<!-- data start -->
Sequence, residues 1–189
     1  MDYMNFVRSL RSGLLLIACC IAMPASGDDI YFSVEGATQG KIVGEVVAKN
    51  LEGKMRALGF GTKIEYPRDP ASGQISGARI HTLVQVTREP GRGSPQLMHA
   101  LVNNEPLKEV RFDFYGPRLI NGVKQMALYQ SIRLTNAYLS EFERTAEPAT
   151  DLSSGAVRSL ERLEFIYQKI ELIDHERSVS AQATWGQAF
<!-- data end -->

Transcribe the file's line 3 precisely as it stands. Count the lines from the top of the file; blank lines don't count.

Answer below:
    51  LEGKMRALGF GTKIEYPRDP ASGQISGARI HTLVQVTREP GRGSPQLMHA